Landrieu in a Primary Landslide

Michael Luke, WWL-TV (New Orleans), February 6, 2010

For the first time since 1978, New Orleans will have a white mayor. Shortly after the polls closed, Lt. Gov. Mitch Landrieu, a two-time loser to capture City Hall, won the election in a run-away, burying the field early and grabbing a large percentage of votes across all racial lines.

It was Landrieu’s father, Maurice “Moon” Landrieu, who was New Orleans last white mayor.


Winning votes heavily across all segments of the city, analysts were able to call the race so early as Landrieu ran way in front among almost all demographics: Republicans, Democrats, women, men, white voters and black voters.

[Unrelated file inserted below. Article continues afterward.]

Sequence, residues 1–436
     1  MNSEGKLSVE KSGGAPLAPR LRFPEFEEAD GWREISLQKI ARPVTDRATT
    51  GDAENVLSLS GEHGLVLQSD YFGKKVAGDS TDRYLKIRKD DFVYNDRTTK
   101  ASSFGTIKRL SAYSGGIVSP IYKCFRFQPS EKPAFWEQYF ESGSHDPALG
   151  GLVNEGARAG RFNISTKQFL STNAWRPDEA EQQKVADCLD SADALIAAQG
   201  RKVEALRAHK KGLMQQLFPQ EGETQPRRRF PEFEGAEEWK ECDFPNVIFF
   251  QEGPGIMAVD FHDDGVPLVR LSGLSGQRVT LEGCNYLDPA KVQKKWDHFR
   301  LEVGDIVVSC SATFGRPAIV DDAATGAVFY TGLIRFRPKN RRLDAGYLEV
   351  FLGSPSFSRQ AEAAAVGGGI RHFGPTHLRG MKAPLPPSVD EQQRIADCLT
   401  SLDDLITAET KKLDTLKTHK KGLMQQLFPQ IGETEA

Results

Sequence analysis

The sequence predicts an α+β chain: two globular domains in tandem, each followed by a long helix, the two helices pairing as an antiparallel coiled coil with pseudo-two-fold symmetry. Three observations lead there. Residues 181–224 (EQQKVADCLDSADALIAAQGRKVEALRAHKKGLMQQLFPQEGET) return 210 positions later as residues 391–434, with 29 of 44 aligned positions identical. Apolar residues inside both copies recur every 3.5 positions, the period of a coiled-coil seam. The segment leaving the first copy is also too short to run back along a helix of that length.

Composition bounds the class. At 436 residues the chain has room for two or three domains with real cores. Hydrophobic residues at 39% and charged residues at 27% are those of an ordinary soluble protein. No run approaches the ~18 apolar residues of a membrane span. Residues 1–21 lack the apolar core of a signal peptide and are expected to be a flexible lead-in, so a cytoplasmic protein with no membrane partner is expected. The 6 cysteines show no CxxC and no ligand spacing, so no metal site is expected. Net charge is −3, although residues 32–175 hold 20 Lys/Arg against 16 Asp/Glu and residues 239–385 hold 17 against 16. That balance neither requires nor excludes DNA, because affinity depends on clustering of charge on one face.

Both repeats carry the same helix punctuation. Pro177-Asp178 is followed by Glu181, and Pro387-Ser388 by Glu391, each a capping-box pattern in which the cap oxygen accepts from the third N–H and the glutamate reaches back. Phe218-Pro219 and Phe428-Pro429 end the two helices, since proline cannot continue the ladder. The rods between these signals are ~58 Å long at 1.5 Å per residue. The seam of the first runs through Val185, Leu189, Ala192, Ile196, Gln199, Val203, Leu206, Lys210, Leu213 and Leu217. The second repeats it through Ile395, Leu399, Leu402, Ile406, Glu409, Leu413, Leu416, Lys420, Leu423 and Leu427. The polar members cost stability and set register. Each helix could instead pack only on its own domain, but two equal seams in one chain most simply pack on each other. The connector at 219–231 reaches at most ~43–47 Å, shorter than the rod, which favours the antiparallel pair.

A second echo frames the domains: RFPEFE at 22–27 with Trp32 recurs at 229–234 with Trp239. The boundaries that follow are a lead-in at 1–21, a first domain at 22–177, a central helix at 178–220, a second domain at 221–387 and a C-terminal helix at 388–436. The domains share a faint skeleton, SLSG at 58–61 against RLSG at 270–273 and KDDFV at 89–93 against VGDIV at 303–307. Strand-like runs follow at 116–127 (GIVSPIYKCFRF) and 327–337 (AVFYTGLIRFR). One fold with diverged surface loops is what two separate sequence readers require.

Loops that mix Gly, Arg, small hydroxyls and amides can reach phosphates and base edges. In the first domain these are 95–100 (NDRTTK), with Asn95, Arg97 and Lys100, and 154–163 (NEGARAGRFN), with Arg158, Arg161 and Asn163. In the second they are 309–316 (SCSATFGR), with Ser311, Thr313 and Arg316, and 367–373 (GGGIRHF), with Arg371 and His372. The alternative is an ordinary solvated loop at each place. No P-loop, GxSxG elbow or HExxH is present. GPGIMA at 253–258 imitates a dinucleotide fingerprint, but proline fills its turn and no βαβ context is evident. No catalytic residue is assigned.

Rigamer projected that Landrieu would draw 62 percent of black voters and 69 percent of white voters.


Landrieu’s victory was “a combination of buyer’s remorse from four years ago (when he lost in a runoff to Mayor Ray Nagin) and feeling, a pendulum effect–he is the most unlike Ray Nagin,” said Clancy DuBos, WWL-TV political analyst, alluding to Nagin’s abysmal approval rating, which is around 20 percent.


The quick call rippled through the campaign headquarters of several candidates as one, John Georges, gave his concession speech less than an hour after the polls closed.



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